"But we had finished in the play-offs in the previous season, we had the same spine and the players knew the system. I made a mistake. We should have changed something.
"So I had this in my head but I did not change things at Swansea because we did not have too many players. But after this I was thinking to myself that we will prepare a team not based on the system but I will prepare instead a team based around concepts of the game.
"It was Huw Jenkins who made me think a lot about this with some of those questions that he had put to me. It was crucial to changing my mind about the future."
Rio Ave was an ideal place for him to reinvent himself.
"I chose Rio Ave because I had something in my head about wanting to do it differently to how I had done it in my past. Something new. Something that I think will be the future."
"It is a quiet club with good players. I knew Portuguese football and I knew that Rio Ave was a medium-sized club but I also knew they are organised off the pitch. We felt that we could achieve something special playing in a different way.
Carvalhal has used a variety of formations this season, retaining some key principles of play but changing the focus of his training sessions and encouraging his players to think more about the game. The result is a team that has been more adaptable, found more solutions.
"They are thinking more about the game individually and tactically," he adds. "My idea was to prepare a team not about the system but with concepts of the game to get the players thinking about how to find the right way. My staff and I believe we have found that way.
"This season was more of a challenge for ourselves than anything. We put into practice something different. It was a challenge and we won that challenge in terms of results and the very good football that we played. So we are more confident to develop our ideas now.
"We are thinking all the time about how we can upgrade what we are doing. We must think all the time about what we can do better. We cannot just stay the same."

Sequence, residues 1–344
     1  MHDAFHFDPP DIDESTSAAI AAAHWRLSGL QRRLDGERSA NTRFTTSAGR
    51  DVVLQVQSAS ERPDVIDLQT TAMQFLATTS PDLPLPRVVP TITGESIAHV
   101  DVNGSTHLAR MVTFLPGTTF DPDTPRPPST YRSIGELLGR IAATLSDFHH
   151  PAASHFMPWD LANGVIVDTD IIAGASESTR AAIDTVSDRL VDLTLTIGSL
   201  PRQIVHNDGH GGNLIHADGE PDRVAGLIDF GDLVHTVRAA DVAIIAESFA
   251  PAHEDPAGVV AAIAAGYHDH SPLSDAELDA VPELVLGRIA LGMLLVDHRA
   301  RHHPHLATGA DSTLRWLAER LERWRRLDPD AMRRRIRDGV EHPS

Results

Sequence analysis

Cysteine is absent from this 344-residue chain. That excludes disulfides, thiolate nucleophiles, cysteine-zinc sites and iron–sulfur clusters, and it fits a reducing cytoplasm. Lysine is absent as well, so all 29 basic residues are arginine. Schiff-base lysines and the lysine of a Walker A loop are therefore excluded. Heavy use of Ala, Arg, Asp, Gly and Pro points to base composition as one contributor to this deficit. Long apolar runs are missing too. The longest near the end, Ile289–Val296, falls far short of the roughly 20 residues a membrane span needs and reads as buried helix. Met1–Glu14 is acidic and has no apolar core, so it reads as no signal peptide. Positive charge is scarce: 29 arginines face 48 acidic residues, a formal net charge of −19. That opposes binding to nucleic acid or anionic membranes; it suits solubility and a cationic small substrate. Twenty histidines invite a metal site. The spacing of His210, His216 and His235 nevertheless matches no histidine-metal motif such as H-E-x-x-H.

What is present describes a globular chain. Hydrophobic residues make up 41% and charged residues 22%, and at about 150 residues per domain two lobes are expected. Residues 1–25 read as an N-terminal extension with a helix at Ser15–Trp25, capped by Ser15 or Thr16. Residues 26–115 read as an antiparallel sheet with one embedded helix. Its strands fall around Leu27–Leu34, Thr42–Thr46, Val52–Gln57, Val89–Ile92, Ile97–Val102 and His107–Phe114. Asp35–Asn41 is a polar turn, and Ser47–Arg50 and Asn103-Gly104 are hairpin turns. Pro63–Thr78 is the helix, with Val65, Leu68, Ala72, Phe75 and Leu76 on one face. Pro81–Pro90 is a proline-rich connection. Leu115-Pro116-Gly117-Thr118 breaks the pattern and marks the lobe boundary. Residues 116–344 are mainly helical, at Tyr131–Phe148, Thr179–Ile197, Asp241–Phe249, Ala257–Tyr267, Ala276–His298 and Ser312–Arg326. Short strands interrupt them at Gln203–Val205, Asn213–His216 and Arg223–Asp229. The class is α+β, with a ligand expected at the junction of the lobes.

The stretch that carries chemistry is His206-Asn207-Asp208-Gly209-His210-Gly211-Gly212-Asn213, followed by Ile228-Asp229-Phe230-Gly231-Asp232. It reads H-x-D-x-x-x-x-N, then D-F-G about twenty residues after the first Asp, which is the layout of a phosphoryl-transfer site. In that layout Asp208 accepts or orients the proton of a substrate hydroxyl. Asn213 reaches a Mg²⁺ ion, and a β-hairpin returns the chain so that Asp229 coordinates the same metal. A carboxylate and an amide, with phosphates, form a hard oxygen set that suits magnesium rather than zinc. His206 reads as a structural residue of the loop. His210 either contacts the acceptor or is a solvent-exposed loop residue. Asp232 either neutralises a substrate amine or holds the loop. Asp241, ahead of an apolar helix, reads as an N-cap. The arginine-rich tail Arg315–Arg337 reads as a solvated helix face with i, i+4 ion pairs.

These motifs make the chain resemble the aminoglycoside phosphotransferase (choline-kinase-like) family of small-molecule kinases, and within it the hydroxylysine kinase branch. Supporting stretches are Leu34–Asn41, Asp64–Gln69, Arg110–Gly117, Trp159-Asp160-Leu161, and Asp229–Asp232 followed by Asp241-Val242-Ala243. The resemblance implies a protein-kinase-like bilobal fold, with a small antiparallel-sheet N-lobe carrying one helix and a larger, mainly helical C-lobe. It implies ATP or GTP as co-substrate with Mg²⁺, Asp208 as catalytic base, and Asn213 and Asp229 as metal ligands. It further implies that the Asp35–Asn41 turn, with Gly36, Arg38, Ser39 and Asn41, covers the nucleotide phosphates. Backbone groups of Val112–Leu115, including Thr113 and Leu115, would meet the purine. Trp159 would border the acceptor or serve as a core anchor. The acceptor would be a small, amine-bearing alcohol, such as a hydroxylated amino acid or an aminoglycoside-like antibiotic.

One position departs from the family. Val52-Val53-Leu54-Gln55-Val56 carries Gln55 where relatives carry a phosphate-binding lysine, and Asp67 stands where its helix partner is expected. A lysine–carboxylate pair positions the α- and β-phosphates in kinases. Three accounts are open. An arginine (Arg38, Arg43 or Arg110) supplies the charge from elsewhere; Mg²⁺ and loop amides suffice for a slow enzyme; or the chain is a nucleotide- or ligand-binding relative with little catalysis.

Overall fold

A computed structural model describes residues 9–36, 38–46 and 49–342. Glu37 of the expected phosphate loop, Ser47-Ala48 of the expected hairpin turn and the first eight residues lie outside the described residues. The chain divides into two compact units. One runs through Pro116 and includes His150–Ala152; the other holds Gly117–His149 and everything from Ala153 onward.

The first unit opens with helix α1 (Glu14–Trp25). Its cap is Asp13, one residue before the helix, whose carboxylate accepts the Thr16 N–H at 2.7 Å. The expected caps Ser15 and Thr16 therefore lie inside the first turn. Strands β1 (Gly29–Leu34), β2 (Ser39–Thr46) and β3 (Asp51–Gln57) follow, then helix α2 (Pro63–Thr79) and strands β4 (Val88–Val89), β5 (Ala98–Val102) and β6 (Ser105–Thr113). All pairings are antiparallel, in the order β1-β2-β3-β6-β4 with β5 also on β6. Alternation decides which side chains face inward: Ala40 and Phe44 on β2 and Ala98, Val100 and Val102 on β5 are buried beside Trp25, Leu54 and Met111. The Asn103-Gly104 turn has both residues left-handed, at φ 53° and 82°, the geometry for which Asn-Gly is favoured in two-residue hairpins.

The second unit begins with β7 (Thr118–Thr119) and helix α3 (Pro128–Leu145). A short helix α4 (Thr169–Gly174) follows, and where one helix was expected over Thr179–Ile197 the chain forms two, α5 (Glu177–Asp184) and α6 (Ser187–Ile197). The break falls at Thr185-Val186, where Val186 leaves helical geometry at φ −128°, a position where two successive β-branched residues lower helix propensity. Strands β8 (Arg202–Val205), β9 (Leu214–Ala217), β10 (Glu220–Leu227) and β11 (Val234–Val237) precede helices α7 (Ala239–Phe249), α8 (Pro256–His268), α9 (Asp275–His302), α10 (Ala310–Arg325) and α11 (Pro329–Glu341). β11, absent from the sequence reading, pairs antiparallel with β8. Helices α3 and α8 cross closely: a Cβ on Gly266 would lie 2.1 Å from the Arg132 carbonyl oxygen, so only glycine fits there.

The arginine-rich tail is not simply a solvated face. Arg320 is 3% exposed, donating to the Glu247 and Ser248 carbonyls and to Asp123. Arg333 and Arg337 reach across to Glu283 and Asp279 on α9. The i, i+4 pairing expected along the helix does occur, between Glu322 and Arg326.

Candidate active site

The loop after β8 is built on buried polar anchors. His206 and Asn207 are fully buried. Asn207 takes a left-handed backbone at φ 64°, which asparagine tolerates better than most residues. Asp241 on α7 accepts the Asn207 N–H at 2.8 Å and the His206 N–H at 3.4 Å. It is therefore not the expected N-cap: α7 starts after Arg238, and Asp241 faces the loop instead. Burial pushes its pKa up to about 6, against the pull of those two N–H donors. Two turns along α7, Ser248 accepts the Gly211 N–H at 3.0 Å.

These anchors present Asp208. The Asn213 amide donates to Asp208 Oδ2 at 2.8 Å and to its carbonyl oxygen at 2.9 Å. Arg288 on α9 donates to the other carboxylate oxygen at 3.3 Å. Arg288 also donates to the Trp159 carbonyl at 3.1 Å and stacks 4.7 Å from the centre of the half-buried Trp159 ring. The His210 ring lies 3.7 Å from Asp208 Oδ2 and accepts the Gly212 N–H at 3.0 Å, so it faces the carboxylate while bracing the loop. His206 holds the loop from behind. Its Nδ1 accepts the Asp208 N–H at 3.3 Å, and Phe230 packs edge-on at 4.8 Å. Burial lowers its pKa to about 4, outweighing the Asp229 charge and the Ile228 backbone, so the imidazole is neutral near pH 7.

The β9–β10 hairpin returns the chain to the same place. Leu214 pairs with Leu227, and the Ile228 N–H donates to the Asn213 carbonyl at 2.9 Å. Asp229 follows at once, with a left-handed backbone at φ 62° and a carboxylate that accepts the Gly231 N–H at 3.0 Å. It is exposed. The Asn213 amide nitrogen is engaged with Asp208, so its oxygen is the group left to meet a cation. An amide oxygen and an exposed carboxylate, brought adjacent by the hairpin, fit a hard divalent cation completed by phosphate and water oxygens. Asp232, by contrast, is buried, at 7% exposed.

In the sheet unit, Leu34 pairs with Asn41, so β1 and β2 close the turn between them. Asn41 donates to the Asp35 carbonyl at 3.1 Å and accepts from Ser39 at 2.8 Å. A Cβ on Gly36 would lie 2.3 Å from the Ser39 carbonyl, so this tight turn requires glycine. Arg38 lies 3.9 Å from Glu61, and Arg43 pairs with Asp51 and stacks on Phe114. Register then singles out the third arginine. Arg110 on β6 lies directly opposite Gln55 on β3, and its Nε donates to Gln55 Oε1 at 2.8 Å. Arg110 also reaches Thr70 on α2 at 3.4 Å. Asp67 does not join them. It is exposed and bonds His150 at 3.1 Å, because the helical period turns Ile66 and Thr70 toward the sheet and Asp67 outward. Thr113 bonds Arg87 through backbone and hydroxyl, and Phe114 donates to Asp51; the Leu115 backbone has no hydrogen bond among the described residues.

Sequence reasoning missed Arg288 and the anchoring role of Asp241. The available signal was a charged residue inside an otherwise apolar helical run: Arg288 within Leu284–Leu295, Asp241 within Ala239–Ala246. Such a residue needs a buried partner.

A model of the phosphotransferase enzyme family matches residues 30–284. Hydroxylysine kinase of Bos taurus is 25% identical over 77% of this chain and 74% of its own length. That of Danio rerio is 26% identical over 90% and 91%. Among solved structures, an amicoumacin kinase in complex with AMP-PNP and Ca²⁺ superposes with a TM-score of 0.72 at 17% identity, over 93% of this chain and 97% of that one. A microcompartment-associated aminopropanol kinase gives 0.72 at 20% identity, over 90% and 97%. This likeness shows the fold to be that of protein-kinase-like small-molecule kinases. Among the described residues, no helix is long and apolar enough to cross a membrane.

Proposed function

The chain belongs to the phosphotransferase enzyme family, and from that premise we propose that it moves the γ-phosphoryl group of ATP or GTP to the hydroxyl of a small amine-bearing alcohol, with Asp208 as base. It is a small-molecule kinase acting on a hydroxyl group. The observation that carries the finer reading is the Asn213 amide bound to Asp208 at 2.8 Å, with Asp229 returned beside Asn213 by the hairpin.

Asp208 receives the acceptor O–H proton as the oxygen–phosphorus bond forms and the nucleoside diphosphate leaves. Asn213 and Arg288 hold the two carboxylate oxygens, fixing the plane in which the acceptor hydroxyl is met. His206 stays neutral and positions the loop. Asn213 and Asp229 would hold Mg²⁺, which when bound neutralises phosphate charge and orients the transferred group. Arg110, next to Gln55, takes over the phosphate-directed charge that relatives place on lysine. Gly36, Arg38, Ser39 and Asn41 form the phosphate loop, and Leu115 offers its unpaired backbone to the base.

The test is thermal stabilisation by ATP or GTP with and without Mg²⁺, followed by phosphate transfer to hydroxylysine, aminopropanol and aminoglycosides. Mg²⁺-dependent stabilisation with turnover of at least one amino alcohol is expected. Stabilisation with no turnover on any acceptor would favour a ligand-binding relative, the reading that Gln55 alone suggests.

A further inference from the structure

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This willingness to change has clearly paid off. "I have different proposals from different parts of the world," he says. It is just unfortunate the coronavirus complicates matters.
Another reminder that there are more important matters than football came earlier this month when Carvalhal returned from an away game in Madeira in the early hours of the morning and was attacked by three muggers just outside his home. Inside the house, his 23-year-old son was alerted to the danger and they managed to chase off the assailants.
"It was dangerous," Carvalhal admits. "My left and hand and arm were hurt. They had to close the cut with stitches. Physically, I am better now. But the mental side was traumatic and will take longer. It was really bad, especially for my son who went through it with me."
Now his family must sit down and work out what is next.
An adventure in Brazil, perhaps?
"There are a lot of questions that I must put to my family and afterwards we will decide."
Whatever the plan, Carvalhal is confident that his change of approach ensures the future is bright. "Things were really good before," he says.
"But I believe now they will be better and better in my career."
Since speaking to Sky Sports, and for the reasons discussed above, Carlos Carvalhal has taken the decision to make a move much closer to home and has been confirmed as the new manager of Portuguese side Braga.